Waste causing pollution and disease, says Nepal mountaineering association chief
The chief of Nepal’s mountaineering association has expressed concern over the human waste left behind by climbers on their way to the world’s highest mountain peak, Mount Everest.
“It (human waste left by climbers on Mount Everest) has become a problem that is causing pollution and threatening to spread disease on the world’s highest peak,” Ang Tshering told reporters according to a report by Time magazine.
Tshering said that the more than 700 climbers and guides who spent nearly two months on Everest’s slopes each climbing season left large amounts of faeces and urine.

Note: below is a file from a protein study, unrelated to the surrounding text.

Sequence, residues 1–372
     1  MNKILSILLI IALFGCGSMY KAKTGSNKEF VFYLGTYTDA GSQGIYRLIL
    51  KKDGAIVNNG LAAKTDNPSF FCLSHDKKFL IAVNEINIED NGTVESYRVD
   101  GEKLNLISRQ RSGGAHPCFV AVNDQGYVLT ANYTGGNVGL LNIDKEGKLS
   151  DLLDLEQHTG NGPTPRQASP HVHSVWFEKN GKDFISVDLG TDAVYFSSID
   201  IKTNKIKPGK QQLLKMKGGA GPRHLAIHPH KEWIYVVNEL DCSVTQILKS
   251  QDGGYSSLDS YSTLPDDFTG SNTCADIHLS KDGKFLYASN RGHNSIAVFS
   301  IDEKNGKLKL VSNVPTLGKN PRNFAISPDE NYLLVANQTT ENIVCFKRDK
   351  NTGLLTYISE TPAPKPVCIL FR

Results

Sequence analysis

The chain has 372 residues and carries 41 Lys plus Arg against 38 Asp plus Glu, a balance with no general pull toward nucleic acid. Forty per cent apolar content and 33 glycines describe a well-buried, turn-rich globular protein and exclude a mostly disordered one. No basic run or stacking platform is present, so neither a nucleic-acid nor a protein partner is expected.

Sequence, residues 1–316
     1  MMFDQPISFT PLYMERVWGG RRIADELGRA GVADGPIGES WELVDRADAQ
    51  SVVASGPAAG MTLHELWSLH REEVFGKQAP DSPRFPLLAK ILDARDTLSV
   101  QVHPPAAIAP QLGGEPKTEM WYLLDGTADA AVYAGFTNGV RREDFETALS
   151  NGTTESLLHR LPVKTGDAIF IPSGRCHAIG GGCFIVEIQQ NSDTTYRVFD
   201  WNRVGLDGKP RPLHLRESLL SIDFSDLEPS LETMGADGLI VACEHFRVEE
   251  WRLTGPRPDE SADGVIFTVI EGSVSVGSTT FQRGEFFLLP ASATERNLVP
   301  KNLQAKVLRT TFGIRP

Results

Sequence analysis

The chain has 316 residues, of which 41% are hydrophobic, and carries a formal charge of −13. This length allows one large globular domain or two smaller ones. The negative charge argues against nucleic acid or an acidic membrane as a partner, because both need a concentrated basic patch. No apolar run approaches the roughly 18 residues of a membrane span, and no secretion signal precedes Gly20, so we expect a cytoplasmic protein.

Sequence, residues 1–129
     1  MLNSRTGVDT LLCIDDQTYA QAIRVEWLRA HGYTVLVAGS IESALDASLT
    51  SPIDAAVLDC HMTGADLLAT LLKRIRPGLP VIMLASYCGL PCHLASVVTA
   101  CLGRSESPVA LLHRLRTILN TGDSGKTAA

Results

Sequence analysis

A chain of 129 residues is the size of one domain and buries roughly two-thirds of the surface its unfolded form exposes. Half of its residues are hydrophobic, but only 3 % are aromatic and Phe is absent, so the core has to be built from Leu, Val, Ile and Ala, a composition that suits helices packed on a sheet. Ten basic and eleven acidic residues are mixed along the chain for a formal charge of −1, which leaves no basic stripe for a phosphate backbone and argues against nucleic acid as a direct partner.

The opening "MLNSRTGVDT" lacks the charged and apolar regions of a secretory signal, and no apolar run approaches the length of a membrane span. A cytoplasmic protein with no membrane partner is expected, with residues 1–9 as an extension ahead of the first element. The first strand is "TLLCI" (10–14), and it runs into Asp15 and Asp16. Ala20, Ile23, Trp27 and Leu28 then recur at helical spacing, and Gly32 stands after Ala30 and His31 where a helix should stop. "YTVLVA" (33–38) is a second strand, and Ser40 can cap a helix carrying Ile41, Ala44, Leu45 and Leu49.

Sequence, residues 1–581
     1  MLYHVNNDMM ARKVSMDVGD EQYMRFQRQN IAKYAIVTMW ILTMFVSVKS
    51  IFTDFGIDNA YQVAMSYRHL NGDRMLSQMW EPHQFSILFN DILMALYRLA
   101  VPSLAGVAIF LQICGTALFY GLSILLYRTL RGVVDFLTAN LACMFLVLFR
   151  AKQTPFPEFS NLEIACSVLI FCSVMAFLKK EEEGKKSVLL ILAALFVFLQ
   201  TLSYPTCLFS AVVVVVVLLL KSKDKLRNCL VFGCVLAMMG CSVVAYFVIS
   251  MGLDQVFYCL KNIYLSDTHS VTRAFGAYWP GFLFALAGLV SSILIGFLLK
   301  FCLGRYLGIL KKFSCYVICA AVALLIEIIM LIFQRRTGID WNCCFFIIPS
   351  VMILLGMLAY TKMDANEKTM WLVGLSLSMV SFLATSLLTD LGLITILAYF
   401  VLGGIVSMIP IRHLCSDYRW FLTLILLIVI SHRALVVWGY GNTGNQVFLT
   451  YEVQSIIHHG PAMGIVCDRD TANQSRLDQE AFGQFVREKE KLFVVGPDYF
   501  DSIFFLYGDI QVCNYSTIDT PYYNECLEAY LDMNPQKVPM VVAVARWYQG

“Climbers usually dig holes in the snow for their toilet use and leave the human waste there,” Tshering said, adding that the waste had been “piling up” for years around four camps set up between the base camp at 5,297 metres and the 8,850-metre summit.
“The issue has not been addressed,” Tshering said.
Nepal government has not come up with a plan yet to tackle the issue of human waste. But starting this season, officials stationed at the base camp will strictly monitor garbage on Mount Everest, said Puspa Raj Katuwal, the head of the government’s mountaineering department.
The government had imposed new rules last year requiring each climber to bring down to the base camp 8 kg of trash, the amount it estimates a climber discards along the route. Climbing teams must leave a deposit of $4,000 which they lose if they don’t comply with the regulations, Katuwal said.
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